The parable raises a second issue: What can go wrong? Robinson’s proposal to Friday introduces an element of uncertainty. Friday is, in effect, making a loan of fish and coconuts to Robinson, and Friday’s happiness with this arrangement will depend on whether Robinson repays that loan as planned, in full and on time. Perhaps Robinson spends several months loafing and never builds the irrigation system, or perhaps Robinson has been too optimistic about how much he will be able to grow with the new irrigation system, which turns out not to be very productive. Perhaps, after building the irrigation system, Robinson decides that he does not want to repay Friday as much as he previously agreed. Any of these developments will prompt a new round of negotiations between Friday and Robinson. Why the repayment failed is likely to shape Friday’s attitude toward these renegotiations. If Robinson worked very hard and the irrigation system just did not increase production as intended, Friday may have some sympathy. If Robinson loafed or if he just refuses to pay, Friday may become irritated.

A third issue that the parable raises is that an intimate relationship exists between a trade deficit and international borrowing, and between a trade surplus and international lending. The size of Friday’s trade surplus is exactly how much he is lending to Robinson. The size of Robinson’s trade deficit is exactly how much he is borrowing from Friday. To economists, a trade surplus literally means the same thing as an outflow of financial capital, and a trade deficit literally means the same thing as an inflow of financial capital. This last insight is worth exploring in greater detail, which we will do in the following section.

The story of Robinson and Friday also provides a good opportunity to consider the law of comparative advantage, which you learn more about in the International Trade chapter. The following Work It Out feature steps you through calculating comparative advantage for the wheat and cloth traded between the United States and Great Britain in the 1800s.

Work It Out

Calculating Comparative Advantage

In the 1800s, the United States and Britain traded wheat and cloth. Table 10.5 shows the varying hours of labor per unit of output.

Wheat (in bushels) Cloth (in yards) Relative labor cost of wheat (Pw/Pc) Relative labor cost of cloth (Pc/Pw)
United States 8 9 8/9 9/8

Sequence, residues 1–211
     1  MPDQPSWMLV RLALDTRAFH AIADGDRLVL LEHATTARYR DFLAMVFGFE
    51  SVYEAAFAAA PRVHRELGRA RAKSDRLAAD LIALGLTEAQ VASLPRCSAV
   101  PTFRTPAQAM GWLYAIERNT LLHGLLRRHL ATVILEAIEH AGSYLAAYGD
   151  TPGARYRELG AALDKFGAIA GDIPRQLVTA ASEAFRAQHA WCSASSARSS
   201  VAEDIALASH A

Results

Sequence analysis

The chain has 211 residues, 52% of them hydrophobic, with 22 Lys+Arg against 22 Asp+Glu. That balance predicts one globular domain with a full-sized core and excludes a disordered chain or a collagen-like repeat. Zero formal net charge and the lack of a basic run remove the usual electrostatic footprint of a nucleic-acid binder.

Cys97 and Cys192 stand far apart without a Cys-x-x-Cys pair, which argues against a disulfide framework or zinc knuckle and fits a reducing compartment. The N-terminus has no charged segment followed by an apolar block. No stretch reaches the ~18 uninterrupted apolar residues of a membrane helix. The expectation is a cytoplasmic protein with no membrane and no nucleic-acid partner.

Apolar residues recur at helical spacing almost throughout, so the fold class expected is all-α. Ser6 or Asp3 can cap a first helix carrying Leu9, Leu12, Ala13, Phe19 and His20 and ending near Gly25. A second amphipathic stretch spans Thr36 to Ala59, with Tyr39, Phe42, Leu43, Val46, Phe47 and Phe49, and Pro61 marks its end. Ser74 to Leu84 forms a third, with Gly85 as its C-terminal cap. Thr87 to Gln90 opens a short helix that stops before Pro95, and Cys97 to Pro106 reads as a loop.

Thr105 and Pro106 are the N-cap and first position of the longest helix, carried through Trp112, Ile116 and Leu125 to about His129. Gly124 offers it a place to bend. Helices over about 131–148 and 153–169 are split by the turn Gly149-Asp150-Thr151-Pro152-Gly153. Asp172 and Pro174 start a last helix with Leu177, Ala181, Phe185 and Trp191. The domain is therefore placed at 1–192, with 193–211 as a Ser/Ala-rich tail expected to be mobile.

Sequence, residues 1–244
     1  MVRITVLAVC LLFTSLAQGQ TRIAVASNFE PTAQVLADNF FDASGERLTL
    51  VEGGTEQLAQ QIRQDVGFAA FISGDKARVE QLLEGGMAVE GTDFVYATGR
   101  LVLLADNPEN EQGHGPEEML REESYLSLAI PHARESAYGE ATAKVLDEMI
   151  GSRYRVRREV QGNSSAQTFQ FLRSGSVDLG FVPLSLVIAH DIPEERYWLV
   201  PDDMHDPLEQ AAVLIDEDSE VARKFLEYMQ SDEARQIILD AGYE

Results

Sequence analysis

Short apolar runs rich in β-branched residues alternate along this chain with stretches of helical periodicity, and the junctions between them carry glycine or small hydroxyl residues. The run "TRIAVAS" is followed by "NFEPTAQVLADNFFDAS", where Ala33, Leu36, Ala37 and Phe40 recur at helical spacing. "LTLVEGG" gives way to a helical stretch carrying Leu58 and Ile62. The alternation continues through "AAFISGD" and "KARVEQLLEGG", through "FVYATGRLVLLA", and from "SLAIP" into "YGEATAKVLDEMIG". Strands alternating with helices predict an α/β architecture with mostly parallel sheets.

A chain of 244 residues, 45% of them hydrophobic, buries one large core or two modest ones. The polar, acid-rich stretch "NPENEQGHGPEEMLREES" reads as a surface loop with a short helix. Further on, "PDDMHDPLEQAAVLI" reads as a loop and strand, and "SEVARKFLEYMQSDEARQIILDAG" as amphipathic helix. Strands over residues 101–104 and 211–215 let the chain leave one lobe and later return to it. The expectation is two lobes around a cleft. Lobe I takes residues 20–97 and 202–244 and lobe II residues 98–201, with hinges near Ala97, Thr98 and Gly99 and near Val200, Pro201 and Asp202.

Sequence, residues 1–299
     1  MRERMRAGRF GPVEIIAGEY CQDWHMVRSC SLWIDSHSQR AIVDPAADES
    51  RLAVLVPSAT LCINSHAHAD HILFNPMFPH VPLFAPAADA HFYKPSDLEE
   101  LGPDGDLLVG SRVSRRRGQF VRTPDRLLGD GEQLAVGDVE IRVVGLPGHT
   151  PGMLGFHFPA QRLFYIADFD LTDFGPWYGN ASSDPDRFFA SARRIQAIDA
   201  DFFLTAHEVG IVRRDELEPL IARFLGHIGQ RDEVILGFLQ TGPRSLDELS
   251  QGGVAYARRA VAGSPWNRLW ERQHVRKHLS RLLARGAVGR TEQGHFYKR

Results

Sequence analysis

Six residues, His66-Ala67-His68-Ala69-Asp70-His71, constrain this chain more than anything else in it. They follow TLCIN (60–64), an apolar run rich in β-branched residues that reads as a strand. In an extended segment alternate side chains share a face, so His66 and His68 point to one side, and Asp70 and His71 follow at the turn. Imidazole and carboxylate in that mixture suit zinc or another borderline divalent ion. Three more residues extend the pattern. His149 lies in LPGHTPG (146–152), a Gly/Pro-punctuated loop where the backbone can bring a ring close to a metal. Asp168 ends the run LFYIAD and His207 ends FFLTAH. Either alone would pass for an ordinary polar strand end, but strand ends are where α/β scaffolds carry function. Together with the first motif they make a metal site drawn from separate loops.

Britain 4 3 4/3 3/4
Table 10.5

Step 1. Observe from Table 10.5 that, in the United States, it takes eight hours to supply a bushel of wheat and nine hours to supply a yard of cloth. In contrast, it takes four hours to supply a bushel of wheat and three hours to supply a yard of cloth in Britain.

Step 2. Recognize the difference between absolute advantage and comparative advantage. Britain has an absolute advantage (lowest cost) in each good, since it takes a lower amount of labor to make each good in Britain. Britain also has a comparative advantage in the production of cloth (lower opportunity cost in cloth (3/4 versus 9/8)). The United States has a comparative advantage in wheat production (lower opportunity cost of 8/9 versus 4/3).

Step 3. Determine the relative price of one good in terms of the other good. The price of wheat, in this example, is the amount of cloth you have to give up. To find this price, convert the hours per unit of wheat and cloth into units per hour. To do so, observe that in the United States it takes eight hours to make a bushel of wheat, so workers can process 1/8 of a bushel of wheat in an hour. It takes nine hours to make a yard of cloth in the United States, so workers can produce 1/9 of a yard of cloth in an hour. If you divide the amount of cloth (1/9 of a yard) by the amount of wheat you give up (1/8 of a bushel) in an hour, you find the price (8/9) of one good (wheat) in terms of the other (cloth).

The Balance of Trade as the Balance of Payments

The connection between trade balances and international flows of financial capital is so close that economists sometimes describe the balance of trade as the balance of payments. Each category of the current account balance involves a corresponding flow of payments between a given country and the rest of the world economy.